By Henry Thomas
Ads For Content Scheme Held To Be Abstract Idea, Not Patentable Process
In 2001, Ultramercial filed a patent for a method whereby consumers could receive copyrighted products for free after viewing an advertisement and later targeted several technology companies – including Hulu, YouTube, and WildTangent – with infringement claims. Ultramercial v. Hulu has taken a looping route through the justice system, with the infringement claim being dismissed by the district court, reversed by the circuit court, and vacated and remanded by the Supreme Court twice. The third time around, the district court again found the patent to be invalid, and this time the circuit court agreed, citing the Supreme Court decision in Alice v. CLS Bank and using the two-step test outlined in it. Following the first step in Alice, the court held that the patent covered a patent-ineligible concept; even though Ultramercial described an “ordered combination of steps,” they amounted to nothing more than an abstract idea. In addressing the second Alice prong, the court held that the claims do not “do significantly more than simply describe an abstract method” and that, while no longer dispositive, the machine-or-transformation test could still give guidance to the second Alice prong. Applying that test, the court claimed that the Internet and a general-purpose computer were not novel machines, and transferring money, content, or other intangibles was not a transformation.
Federal Circuit Limits Application of Collateral Estoppel in Patent Litigation
E.Digital held patents (‘774 and ‘108) for an audio recording device that used flash memory to store the recording, and sued Futurwei over alleged infringement. In a different case, decided by the District of Colorado, the ‘774 patent was constructed narrowly to include only devices that exclusively used flash memory and not RAM. In e.Digital v. Futurwei (Huawei), the district court held that e.Digital could not re-litigate the construction of either patent, because the doctrine of collateral estoppel forced the court to rely on the earlier construction. While the Fed. Cir. Agreed that e.Digital was estopped from arguing the construction of the ‘774 patent (and glossed over an argument that the inclusion of a RAM-based microprocessor fundamentally altered the construction) the court held that the ‘108 patent could be argued because, though it incorporated the ‘774 patent, it was fundamentally unrelated. Further limiting the doctrine of collateral estoppel, dicta from the decision indicated that the relatedness (or not) of the two patents was not dispositive, and “[e]ach case requires a determination that . . . the issue previously decided is identical.”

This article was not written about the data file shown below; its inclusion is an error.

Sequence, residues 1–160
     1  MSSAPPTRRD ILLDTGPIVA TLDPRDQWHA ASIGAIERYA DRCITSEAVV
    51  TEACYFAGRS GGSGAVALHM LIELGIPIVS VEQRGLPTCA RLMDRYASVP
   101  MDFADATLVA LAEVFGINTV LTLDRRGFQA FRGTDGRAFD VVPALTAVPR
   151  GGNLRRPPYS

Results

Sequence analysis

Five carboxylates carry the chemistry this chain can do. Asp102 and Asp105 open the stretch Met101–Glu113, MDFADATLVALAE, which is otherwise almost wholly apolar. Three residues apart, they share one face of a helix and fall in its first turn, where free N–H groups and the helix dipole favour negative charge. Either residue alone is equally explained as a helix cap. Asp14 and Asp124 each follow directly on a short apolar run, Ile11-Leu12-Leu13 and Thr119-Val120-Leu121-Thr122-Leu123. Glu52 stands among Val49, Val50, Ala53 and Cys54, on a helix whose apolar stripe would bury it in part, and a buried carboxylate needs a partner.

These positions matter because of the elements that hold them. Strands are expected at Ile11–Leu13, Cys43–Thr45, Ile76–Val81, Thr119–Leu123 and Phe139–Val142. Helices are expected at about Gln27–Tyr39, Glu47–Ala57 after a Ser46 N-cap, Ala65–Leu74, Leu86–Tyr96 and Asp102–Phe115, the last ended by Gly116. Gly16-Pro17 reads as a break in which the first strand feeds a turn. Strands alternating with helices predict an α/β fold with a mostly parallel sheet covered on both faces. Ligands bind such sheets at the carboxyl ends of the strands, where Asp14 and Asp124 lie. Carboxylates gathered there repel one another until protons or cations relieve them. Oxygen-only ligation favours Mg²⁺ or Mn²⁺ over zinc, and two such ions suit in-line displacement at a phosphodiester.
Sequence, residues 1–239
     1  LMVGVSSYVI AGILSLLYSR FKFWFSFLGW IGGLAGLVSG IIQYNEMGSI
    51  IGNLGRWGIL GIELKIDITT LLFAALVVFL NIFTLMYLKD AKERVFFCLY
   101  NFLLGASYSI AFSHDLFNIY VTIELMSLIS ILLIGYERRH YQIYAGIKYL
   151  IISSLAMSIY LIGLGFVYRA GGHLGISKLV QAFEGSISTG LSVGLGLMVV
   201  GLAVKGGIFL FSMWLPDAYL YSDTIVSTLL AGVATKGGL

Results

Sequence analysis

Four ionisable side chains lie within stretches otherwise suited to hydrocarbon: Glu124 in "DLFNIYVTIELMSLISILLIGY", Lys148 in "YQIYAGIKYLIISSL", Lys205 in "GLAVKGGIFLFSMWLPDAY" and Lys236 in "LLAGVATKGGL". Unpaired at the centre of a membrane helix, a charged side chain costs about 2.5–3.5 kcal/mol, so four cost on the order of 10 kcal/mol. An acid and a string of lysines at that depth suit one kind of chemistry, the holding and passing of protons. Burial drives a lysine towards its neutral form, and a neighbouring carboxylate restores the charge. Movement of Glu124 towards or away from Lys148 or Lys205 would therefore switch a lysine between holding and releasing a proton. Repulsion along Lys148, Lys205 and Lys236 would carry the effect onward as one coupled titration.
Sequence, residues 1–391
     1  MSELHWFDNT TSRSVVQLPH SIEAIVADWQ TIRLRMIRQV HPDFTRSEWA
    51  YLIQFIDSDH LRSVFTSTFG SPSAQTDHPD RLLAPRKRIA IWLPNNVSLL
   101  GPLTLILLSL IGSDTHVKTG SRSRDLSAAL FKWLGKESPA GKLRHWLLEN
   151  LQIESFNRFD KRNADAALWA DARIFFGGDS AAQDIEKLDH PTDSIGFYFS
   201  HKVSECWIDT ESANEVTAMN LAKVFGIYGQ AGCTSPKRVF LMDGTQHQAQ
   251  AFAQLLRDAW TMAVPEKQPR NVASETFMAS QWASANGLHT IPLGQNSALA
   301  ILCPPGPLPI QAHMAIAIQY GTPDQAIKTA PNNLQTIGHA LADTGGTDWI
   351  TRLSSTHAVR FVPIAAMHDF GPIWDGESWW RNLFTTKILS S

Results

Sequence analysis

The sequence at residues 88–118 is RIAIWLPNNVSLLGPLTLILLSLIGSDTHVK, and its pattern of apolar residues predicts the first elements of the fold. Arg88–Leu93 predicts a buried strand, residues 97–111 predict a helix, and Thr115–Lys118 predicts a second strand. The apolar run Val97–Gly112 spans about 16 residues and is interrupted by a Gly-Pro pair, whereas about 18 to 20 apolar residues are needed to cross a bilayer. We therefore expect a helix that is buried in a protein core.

Electronics Company Avoids Patent Enforcement By Directing Sales Outside U.S.
Halo Electronics, a maker of electronic components, sued Pulse Electronics over alleged infringement. Though it was found that Halo’s patent was non-obvious and valid, the Federal Circuit affirmed in Halo Electronics, Inc. v. Pulse Electronics, Inc. that no direct infringement had occurred. Although Pulse made business negotiations in America, contracted with American companies like Cisco, and incorporated their circuit components into products destined for sale in the states, all sales took place in foreign countries, outside the reach of U.S. patent law. The court held that under 35 U.S.C. § 271(a), “offers to sell . . . within the United States” were limited to offers made anywhere in the world for a sale in the U.S., and not for offers made in the U.S. for sale elsewhere.